Category: News

OIL AND GAS FLOW IN DIRECTIONS KNOWN AS ANISOTROPY

Weekly Petroleum Geoscience Digest

Oil and gas flow in directions known as anisotropy – 29 August 2017

  • By Dr Livinus Nosike

When a rock is buried, there is load above it.  Increasing soil or sediments above make it to compact and become planer.  Becoming planer means it is as if they are layers lying above each other, like several piles of sheets.  If fluid is to flow through a sheet, it will likely flow between the layers in the horizontal directions. Bending of buried rocks, known as folding or deformation, changes the original horizontal fluid flow directions.  Cracks and shifts, known as fractures and faulting of the rock layers, results in fluid choosing specific directions to flow. This preferential fluid flow direction is known as permeability anisotropy.

Permeability anisotropy is important because we care not only about the ability of fluid to flow in a rock, but also in which direction it will flow. If we know the direction petroleum fluid will flow, we put our pipe in that direction and extract it.  We also know where the fluid is coming from, where the oil and gas are generated, where more could be found.

To measure permeability anisotropy, we cut out cylindrical rock sample known as plugs, in three directions: upwards, along and across the rock, as shown in the illustration above. The process of relating this small plug, small cut out rock sample, to a larger oil and gas reservoir rock is known as upscaling. Not only do you need to upscale, you need to subject the rock sample to similar condition as if it were at depth.  That is why we subject the rock sample to different pressure condition, simulating burial of reservoir rock.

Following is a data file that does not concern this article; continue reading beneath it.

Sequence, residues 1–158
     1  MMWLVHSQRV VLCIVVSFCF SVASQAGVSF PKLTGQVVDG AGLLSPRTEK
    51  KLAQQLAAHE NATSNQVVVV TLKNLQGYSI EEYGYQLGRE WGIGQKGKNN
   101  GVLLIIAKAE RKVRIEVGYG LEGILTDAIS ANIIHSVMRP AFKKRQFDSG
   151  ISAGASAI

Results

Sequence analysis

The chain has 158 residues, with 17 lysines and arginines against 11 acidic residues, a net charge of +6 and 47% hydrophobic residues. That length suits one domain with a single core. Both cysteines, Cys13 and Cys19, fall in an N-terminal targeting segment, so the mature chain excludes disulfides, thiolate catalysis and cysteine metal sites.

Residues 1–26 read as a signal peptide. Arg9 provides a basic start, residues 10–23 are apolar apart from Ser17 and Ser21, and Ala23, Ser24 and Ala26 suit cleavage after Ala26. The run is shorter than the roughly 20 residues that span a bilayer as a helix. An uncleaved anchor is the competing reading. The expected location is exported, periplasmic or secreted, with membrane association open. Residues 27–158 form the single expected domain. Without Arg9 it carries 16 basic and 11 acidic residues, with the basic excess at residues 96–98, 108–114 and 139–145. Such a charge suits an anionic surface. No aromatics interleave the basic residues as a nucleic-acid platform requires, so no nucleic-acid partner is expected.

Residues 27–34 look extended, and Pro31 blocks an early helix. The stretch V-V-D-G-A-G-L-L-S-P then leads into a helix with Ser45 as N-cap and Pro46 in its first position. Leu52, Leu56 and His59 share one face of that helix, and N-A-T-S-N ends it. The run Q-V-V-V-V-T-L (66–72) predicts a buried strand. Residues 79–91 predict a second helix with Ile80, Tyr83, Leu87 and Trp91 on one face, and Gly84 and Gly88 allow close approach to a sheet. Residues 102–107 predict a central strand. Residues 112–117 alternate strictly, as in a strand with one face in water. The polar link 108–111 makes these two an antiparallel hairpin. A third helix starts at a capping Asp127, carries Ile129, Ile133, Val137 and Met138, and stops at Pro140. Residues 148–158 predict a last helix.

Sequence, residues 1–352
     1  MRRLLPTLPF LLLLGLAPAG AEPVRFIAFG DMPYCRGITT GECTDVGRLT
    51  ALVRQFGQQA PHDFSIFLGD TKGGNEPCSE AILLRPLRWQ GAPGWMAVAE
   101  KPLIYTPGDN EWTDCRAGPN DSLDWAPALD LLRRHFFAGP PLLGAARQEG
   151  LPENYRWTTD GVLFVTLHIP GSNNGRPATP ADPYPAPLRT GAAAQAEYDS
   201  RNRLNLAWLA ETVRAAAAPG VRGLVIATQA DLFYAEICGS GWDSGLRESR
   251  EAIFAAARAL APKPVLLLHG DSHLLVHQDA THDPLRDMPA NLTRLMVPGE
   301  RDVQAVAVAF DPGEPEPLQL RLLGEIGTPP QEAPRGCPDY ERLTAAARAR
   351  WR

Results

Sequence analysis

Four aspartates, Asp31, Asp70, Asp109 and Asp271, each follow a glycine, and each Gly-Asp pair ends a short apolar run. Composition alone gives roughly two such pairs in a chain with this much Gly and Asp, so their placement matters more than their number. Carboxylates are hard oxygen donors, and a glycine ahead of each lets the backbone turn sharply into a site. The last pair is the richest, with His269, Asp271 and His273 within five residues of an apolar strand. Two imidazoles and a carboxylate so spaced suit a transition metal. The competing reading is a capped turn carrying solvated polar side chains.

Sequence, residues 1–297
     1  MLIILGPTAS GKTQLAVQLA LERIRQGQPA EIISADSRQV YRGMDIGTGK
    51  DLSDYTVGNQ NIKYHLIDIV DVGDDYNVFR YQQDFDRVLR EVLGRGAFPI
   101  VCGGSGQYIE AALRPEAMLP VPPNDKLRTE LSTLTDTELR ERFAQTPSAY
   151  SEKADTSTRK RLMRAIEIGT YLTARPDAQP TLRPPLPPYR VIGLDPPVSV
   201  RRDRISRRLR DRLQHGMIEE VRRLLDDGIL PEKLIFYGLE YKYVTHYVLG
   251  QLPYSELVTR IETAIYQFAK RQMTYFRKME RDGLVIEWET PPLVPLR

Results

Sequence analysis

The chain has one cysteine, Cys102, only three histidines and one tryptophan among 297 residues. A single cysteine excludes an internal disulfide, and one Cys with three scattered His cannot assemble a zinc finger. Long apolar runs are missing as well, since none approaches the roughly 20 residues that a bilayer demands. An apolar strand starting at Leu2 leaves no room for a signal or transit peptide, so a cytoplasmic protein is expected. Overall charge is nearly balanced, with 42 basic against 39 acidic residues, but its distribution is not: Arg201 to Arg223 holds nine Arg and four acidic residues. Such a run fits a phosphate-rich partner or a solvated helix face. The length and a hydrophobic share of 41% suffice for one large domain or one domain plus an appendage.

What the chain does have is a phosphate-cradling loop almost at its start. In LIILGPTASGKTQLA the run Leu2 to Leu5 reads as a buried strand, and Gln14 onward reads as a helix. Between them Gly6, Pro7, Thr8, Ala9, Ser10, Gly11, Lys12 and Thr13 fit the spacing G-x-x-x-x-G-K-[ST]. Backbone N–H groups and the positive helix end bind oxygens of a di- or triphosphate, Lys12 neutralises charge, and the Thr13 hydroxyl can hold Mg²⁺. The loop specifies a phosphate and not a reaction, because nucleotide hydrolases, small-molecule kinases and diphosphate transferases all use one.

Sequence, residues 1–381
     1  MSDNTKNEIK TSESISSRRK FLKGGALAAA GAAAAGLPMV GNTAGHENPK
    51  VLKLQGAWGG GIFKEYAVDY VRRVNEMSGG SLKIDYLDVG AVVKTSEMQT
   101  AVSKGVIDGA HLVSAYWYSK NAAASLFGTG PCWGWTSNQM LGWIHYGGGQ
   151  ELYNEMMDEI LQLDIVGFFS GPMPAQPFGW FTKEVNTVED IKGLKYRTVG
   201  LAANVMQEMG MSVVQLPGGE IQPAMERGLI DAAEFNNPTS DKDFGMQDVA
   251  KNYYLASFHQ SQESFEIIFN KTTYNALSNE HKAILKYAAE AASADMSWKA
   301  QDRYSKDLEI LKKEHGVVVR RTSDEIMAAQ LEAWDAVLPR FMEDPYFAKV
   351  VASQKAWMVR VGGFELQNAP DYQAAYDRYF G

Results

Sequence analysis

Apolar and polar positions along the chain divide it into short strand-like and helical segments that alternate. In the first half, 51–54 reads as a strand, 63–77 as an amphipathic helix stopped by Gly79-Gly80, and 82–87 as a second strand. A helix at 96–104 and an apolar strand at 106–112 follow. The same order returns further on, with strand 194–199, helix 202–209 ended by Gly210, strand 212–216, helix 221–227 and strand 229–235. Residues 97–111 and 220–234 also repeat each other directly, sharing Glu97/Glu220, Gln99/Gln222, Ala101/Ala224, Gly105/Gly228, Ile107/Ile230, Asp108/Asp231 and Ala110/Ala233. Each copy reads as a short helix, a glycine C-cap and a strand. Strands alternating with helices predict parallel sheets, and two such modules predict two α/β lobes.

This is discussed in the next episode.

Join me again for next week’s edition of petroleum geoscience digest or visit the news section of this website for previous editions of the digest.

For more info, contact Dr Livinus Nosike: contact@iesog.com

RELATIONSHIP BETWEEN ROCK SPACES KNOWN AS POROSITY AND PERMEABILITY

Weekly Petroleum Geoscience Digest

Relationship between rock spaces known as Porosity and Permeability – 22 August 2017

  • By Dr Livinus Nosike

Fluid flow through rocks because rocks have small spaces in-between their grains; these spaces are known as pores or interstitial spaces. How much of such spaces exist in a rock is known as Porosity.  Porosity is measured by adding water into a rock in a container and seeing how much of the water is absorbed. Whatever amount of water is absorbed will be equivalent to the available pores or interstitial spaces which is a measurement of the porosity.

Sometimes, we can estimate the permeability by just measuring the porosity; we provide a curve that relates one to the other. But not all spaces between rock grains are connected.  So having high porosity does not mean you will have high permeability.  Remember, Permeability is how easily a fluid like water, oil or gas passes through something like a rock.

A rock that has little or no spaces between the grains may as well have a crack, we say it is fractured.  Cracks create secondary spaces, that is, spaces that occur after the sediments or grains have come together and solidify to form the rock. The more the fractures the more fluid will flow.  Over years, certain rocks such as limestone begin to dissolves due to aging or because acidic fluid flow into them. Such dissolution also creates connected spaces and enhances permeability.

Because cracks happen in a given direction, permeability may also have direction. This relates to what we have discussed in the next episode, known as permeability anisotropy.